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Outdoor Cyclamen - Hardy Little Gems!
Member Name: Verbena
Advantages: Beautiful flowers for Autumn and Winter colour
Disadvantages: Very few; occasionally difficult to establish in some gardens.
Many of us are familiar with cyclamen, usually sold either as winter time house plants or as plants sold chiefly for outdoor autumn displays. The first kind, beautiful as they are and often evoking fond memories of childhood, may prove difficult to care for in modern centrally heated homes, as they thrive in cool conditions. The outdoor kind can tolerate a degree of cold, but usually succumb to hard frost.
Less well known are the hardy cyclamens that can be grown and left in the garden all year round, and I am reviewing these today. I have grown these in my own garden for many years now. I've been able to allow them to naturalise in some locations - more of which later. I believe there are at least 20 types of cyclamen in total, not all of them hardy. It is said that in each calendar month there will be at least one kind of cyclamen flowering. My review can realistically only serve as an introduction and I hope it will encourage you to try growing these interesting plants if they appeal to you as much as they do to me. It's a pity that I can't show you photographs as the one supplied by Dooyoo is of the indoor types as far as I can tell.
The two main kinds of hardy cyclamen that you are likely to find available in garden centres, online shops etc are cyclamen hederifolium and cyclamen coum. Hederifolium means 'ivy-type leaves' and the heart-shaped leaves of this plant do look a bit like ivy. These begin to flower as early as the middle of August, often with the flower coming straight out of the corm before the foliage emerges. When I find the first flower I always feel a little excitement, because it's such a pretty little flower, tinged with a bit of regret because it means it won't be long before the summer is over. It continues flowering into November in my garden. Cyclamen coum, however, flowers later. Occasionally I see flowers by Christmas but January to March are more usual. They make a beautiful little carpet of flowers beneath my hazel tree, and really brighten up the winter days. They seem to complement the snowdrops so perfectly. If only I could persuade aconites to grow in my garden, too! Colours range from white to various shades of pink, almost through to magenta. The leaves, too, vary in colour, some having more white on than others.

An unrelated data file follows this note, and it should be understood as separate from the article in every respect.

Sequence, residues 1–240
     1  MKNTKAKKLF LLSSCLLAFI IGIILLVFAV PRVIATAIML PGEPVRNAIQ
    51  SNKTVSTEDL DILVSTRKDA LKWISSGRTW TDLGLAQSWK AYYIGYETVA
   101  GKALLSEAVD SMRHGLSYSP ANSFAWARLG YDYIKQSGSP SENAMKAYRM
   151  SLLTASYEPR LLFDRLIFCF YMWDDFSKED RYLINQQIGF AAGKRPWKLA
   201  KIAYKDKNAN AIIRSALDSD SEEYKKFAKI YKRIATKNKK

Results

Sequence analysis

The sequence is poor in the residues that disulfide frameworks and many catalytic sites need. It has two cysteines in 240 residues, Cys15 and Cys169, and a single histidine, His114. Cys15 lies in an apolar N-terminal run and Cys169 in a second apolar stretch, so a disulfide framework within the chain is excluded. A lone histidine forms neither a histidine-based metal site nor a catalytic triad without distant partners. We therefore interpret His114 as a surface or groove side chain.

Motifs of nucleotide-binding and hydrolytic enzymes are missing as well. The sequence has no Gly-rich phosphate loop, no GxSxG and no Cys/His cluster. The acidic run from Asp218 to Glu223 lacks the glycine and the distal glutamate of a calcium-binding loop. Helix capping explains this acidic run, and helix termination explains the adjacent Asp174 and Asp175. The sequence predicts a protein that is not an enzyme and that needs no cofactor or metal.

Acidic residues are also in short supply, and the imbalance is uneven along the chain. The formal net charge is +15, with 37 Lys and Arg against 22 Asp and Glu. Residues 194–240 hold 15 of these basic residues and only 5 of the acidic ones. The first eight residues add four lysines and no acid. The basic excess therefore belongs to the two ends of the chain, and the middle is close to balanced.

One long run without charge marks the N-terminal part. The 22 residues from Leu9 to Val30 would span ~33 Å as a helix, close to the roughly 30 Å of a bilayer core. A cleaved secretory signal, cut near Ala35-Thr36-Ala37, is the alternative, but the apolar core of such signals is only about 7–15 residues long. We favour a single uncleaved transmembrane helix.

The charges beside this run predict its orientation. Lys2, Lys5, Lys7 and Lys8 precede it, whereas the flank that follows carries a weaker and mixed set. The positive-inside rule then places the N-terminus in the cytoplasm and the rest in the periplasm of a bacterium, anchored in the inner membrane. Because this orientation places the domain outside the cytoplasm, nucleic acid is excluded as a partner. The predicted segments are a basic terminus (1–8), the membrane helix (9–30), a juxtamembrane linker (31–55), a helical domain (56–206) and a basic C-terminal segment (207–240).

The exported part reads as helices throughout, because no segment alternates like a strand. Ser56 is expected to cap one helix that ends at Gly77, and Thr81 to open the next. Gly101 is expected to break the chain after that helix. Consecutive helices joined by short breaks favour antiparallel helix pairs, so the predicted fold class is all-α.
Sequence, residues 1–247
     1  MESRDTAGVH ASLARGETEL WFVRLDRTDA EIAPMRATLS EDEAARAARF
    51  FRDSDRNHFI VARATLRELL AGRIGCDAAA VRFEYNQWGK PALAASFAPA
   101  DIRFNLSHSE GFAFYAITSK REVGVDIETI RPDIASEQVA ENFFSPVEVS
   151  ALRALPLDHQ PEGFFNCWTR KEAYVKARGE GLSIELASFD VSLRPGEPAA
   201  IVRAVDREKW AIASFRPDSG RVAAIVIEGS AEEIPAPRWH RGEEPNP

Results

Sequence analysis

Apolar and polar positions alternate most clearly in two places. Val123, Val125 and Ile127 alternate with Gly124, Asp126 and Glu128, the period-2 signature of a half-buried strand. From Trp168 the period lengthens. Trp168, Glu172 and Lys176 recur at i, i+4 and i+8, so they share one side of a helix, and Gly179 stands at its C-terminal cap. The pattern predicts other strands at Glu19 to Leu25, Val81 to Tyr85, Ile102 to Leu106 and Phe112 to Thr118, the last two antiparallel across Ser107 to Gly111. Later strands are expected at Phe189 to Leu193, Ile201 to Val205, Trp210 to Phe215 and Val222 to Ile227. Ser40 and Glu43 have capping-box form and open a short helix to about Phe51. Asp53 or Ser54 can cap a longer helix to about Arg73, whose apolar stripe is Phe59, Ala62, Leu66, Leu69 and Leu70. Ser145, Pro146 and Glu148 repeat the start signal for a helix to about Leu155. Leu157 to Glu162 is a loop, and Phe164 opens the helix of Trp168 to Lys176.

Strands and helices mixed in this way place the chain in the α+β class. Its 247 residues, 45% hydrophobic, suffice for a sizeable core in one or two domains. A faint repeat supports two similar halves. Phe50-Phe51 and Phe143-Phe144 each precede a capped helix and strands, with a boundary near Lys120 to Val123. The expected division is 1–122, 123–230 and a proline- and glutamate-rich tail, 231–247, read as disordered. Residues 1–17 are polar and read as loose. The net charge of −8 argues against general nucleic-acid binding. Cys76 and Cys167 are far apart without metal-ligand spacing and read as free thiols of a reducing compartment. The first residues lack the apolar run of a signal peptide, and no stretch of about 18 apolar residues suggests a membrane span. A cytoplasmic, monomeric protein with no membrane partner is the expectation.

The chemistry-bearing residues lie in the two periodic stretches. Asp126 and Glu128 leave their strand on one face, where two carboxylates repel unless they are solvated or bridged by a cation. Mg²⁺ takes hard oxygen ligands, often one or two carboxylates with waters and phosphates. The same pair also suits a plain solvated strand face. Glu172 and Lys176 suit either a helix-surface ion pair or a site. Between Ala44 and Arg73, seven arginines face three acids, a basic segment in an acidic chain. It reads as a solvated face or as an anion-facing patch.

All cyclamen grow from bulb-like structures, known as corms or tubers. Seedlings start like a small ball but the tuber eventually becomes saucer shaped and some grow to be saucer-sized! In height they vary from about 8 cm for cyclamen coum to 20 cm for cyclamen hederifolium. They can survive low temperatures, down to at least -20˚C, but if waterlogged when they freeze they may rot. I haven't lost any in the last two winters. They may not survive excessively high temperatures, but U.K. temperatures are unlikely to be high enough for this!
Best Growing Conditions
Hardy cyclamen seem to like leaf mould and they are good at growing where other plants won't e.g. at the base of conifers and other trees, in dry shade. They don't mind competition for root space, and planting under trees may help remove excess water. Don't plant them deeply - the top of the tuber should be at soil level. Drainage is important as they may rot if left in waterlogged conditions. To help with this it's a good idea to incorporate some grit into the soil before planting and maybe even set them on a layer of grit. My soil is heavy with a tendency to be clay-like, but I have them growing where there is a slight slope and beneath trees, both of which aid drainage. You can also grow them in rock garden or alpine garden situations. In the summer the foliage dies back completely, and your only problem is remembering where they are if you are digging in that area.
Hardy cyclamen are perennial plants, i.e. they will grow again each year. You can start with either dry tubers/corms or container grown plants. I've done both. Dry corms should grow satisfactorily once you've got them going, but if you want a quicker or more certain result you may prefer to buy as potted specimens 'in the green.' This is likely to be more expensive initially. You can buy packs of corms in garden centres - in my experience, usually about 3 in a pack; as an example, Dobies of Devon offer an assorted pack of 6 for £11.95. Some garden centres may sell them loose. De Jager sell individual potted specimens of cyclamen coum for £3.80 [April 2012 prices]. Once cyclamen are established they can be left to naturalise, and I find young plants growing in unusual places, presumably ant-transported.
Hardy cyclamen grown outdoors are not seriously affected by pests which affect those grown indoors. I sometimes spot slug/snail or vine weevil damage on leaves but this does not affect the lifespan of the plant.
They seed freely. In our gravelled front garden I am about to rescue lots of tiny plantlets before we have our driveway reconfigured - these are all self seeded. I could almost start a small business by selling them. If they settle in your garden it won't be many years before you can supply young plants to family and friends, in the good old tradition of gardening!
www.hederifolium.co.uk/ for starters!
You won't be surprised that I'm giving these gorgeous little plants 5 stars because I love them! I hope I have persuaded you to try them.
Thank you for reading my review. It may also appear on other sites.
Summary: Hardy plants with pretty flowers that grow and spread readily once established.